Icelandic authorities have filed a complaint with NATO because of Britain’s action to invoke anti-terrorism legislation in an effort to freeze the assets of Icelandic banks in the UK. The formal complaint was submitted at the meeting of the NATO Council yesterday.
Iceland’s Prime Minister Geir H. Haarde said at the Althingi parliament yesterday that it would have been “unthinkable” that Britain had treated a larger nation in such a way.
According to Morgunbladid’s sources, Iceland’s permanent representative at NATO, Thorsteinn Ingólfsson, cited public safety in Iceland in a broad context at the meeting, including an economical context, and said that Iceland was being threatened under the current circumstances, among other things because of one-sided actions taken by one NATO member state, Britain.
Icelandic authorities claim British authorities abused their anti-terrorism legislation, which is at odds with the joint fight of NATO member states against terrorism and does in fact jeopardize the credibility of that fight.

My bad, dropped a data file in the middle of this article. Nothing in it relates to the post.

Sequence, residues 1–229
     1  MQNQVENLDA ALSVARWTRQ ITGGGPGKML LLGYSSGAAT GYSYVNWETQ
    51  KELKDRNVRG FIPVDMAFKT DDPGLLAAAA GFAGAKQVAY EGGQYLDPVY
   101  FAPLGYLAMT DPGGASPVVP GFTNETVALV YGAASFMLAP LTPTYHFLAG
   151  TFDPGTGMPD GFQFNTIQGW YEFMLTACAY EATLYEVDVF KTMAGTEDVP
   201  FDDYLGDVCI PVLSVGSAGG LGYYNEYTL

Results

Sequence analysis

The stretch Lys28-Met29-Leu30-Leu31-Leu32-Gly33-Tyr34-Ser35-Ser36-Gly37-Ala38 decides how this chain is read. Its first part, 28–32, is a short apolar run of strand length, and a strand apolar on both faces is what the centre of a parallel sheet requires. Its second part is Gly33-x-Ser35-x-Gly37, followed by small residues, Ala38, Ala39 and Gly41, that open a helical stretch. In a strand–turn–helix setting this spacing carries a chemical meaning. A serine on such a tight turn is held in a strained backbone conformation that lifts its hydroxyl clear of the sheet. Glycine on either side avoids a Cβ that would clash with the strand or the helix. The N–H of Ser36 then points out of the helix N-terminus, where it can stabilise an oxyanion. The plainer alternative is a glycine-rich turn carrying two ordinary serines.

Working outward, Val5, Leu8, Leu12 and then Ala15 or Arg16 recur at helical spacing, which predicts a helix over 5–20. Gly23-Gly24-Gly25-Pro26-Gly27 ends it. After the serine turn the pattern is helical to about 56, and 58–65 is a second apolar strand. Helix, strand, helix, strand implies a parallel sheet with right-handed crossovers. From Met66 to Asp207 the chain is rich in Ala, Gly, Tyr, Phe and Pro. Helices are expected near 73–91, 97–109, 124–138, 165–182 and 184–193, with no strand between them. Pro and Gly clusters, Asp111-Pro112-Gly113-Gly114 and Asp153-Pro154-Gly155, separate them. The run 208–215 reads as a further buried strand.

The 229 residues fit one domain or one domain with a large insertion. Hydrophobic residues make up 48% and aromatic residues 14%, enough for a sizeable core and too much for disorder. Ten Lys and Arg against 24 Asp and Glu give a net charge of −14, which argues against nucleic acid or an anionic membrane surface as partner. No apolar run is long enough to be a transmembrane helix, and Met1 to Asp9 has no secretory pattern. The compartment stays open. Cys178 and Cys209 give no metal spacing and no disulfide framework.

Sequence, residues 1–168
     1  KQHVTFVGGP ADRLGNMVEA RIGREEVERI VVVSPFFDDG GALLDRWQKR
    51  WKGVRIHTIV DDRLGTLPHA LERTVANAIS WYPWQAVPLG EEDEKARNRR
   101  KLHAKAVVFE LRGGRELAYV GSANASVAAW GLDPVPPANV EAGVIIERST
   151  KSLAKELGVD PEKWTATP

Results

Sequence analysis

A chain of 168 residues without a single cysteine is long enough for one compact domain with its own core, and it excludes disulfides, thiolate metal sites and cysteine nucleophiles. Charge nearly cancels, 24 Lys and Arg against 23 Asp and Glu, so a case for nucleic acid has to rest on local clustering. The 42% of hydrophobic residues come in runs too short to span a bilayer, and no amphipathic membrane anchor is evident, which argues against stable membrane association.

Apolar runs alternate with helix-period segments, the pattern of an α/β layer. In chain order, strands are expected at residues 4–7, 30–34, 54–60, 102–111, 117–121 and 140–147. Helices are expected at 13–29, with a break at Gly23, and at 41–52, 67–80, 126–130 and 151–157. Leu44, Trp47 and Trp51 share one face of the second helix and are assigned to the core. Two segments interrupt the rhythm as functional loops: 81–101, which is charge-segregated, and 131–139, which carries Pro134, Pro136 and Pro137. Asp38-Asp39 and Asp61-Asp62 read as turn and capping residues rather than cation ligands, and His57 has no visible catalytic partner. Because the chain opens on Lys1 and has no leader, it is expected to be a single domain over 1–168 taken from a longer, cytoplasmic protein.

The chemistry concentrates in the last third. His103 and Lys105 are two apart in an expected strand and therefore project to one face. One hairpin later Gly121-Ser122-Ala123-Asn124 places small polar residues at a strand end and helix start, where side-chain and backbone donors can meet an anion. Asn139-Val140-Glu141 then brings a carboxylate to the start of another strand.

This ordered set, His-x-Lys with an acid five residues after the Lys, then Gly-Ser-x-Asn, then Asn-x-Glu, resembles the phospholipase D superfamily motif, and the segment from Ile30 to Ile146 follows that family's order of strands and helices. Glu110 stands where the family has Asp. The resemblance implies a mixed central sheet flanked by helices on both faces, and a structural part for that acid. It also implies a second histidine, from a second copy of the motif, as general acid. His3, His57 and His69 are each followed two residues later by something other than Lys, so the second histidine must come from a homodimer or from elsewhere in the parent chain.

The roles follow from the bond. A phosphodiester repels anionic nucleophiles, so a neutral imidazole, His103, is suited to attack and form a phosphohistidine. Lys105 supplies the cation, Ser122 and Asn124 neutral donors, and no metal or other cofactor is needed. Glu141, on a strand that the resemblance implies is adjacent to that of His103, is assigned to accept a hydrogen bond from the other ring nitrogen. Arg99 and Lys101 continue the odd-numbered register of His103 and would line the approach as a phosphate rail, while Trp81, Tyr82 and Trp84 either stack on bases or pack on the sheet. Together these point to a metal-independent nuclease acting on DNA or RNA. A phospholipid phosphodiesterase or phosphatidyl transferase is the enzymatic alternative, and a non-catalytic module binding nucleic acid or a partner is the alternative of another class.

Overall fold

The NATO Council’s meeting was closed and only attended by the permanent representatives of the member states and the NATO Secretary General, but not by other officials. That kind of arrangement is unusual and only takes place when very serious matters are discussed.
After the meeting, NATO Secretary General Jaap de Hoop Scheffer called Iceland’s Prime Minister Geir H. Haarde and they discussed the matter. Haarde also discussed the matter with President of the European Commission José Manual Barroso.
Barroso said at a press conference yesterday that the European Union could not be involved in a debate between Iceland and Britain.
According to historian Gudni Th. Jóhannesson, Iceland has not complained to NATO about the actions of another NATO member state since the Cod Wars against Britain, 1975-1976, when Iceland fought for extending its fishing limits to 200 nautical miles.
Click here to read about Icelandic authorities preparing a lawsuit against Britain.